else in his life, history seems to steer him to the least expected.

Born to parents who are both scientists, Xiao dreamed of becoming

"Einstein Number Two." But growing up during China's tumultuous Cultural

Revolution of 1966-1976, which ravaged the country with political

persecutions, Xiao did not receive much formal schooling as a child. For

six years he lived with his parents, who were banished to the

countryside for "re-education." His parents had to leave his younger

brother behind with relatives, fearing they couldn't take care of him in

the countryside. Ironically, when Xiao shocked his parents with his

surprise visit in 1989, his brother had just gone into hiding for waving

protest flags in Tiananmen Square. Xiao rarely sees his brother, who now

lives in New Zealand.

Childhood was measured by the lonely chores of a peasant. Cutting

grass. Picking corn. Collecting horse manure. Xiao was finally able to

go to school in his teens when he left his parents on the farm and

moved in with his grandparents in Beijing. Desperate to learn, he read

everything he could get his hands on, especially math and science books.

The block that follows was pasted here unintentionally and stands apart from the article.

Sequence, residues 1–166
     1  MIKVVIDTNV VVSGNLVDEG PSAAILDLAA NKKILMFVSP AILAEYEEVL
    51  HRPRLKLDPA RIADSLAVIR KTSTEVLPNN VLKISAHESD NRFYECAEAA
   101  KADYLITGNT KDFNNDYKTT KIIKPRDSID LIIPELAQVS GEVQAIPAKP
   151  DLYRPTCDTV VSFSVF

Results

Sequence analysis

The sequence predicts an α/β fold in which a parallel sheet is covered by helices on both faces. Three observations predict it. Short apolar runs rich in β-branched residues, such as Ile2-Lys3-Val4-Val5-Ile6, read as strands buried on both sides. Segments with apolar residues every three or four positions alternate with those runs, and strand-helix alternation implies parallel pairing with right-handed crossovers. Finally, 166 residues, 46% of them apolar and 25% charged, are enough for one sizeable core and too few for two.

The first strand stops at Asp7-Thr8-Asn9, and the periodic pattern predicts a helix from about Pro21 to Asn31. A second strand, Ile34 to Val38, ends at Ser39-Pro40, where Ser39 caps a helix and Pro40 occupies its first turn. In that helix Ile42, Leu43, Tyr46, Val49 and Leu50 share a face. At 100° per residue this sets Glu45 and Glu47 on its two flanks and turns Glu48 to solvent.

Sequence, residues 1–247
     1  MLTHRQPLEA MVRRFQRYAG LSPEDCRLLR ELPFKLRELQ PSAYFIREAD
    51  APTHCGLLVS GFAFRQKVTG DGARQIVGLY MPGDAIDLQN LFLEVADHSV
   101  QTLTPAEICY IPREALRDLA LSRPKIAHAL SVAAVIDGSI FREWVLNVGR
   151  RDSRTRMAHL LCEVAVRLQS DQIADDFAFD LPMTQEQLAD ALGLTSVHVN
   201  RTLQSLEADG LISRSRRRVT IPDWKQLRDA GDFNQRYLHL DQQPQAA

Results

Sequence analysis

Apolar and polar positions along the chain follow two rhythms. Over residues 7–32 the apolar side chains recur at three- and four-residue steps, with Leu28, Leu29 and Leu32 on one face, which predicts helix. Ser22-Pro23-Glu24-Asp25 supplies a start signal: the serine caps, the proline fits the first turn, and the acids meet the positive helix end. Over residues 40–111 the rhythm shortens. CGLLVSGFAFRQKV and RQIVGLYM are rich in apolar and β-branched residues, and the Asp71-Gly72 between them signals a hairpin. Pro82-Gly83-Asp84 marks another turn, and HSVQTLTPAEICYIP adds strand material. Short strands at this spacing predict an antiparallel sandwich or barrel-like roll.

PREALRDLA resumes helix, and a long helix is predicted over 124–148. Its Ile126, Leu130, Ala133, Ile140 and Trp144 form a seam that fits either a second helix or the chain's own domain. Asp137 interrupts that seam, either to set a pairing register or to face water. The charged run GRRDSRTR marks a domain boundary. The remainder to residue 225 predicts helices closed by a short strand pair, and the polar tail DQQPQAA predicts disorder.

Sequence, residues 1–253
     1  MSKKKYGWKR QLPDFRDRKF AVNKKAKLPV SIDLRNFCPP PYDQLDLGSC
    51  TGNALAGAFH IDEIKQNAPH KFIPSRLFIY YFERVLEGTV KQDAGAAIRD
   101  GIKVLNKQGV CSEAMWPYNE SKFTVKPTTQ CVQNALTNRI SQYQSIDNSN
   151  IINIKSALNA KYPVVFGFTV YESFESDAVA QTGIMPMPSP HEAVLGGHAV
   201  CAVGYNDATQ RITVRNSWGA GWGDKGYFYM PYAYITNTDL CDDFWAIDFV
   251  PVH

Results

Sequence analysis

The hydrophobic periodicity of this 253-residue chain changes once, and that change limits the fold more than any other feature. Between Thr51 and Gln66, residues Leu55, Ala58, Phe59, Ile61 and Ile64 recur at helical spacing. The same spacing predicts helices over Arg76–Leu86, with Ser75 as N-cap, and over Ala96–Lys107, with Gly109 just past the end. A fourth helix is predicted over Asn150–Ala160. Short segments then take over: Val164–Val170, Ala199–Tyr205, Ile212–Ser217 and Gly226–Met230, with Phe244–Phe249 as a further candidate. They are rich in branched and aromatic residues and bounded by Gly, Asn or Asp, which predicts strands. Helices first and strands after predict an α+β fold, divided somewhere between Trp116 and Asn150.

It paid off when he won a national math contest, which launched him into

the country's premiere science university. In 1986 he won a scholarship

to study astrophysics in the United States.

The PhD was almost in his hands when Tiananmen sent him down a new


"I took it personally," says Xiao. "Tanks and machine guns killed

people and life goes on? No way."

With this twist of fate, he may never see his family again in

China, or make enough money to move out of his modest apartment in

Astoria, Queens. Since he left China in 1986, he has seen his parents

only once, during his daredevil trip back in 1989. He never went back,

not for his wedding or his mother's funeral.

"It's sad I don't really know my parents," he says, his voice

trailing to a near whisper. "I help so many people, but I was not able

to help them. I was not there to help when she died."

Deep inside, Xiao is very much a product of his generation, a

sentimentalist with a feverish love-hate relationship with his

birthplace. No matter how hard he agitates, there's always a place in

his heart for the country he calls home. For the same reason, he holds

on to his Chinese citizenship and travels with his green card and asylum

papers. His little red Chinese passport has expired. He hasn't renewed

it, fearing the government would confiscate it.

"I love my country so much I am against everything that's wrong

there," says Xiao, tears welling in his eyes. "Until June 4th, I didn't

know it was so deep in me. That day I made a personal commitment. I

would do everything I can until those souls can rest in peace. I will do

this until I can personally go back and lay flowers on Tiananmen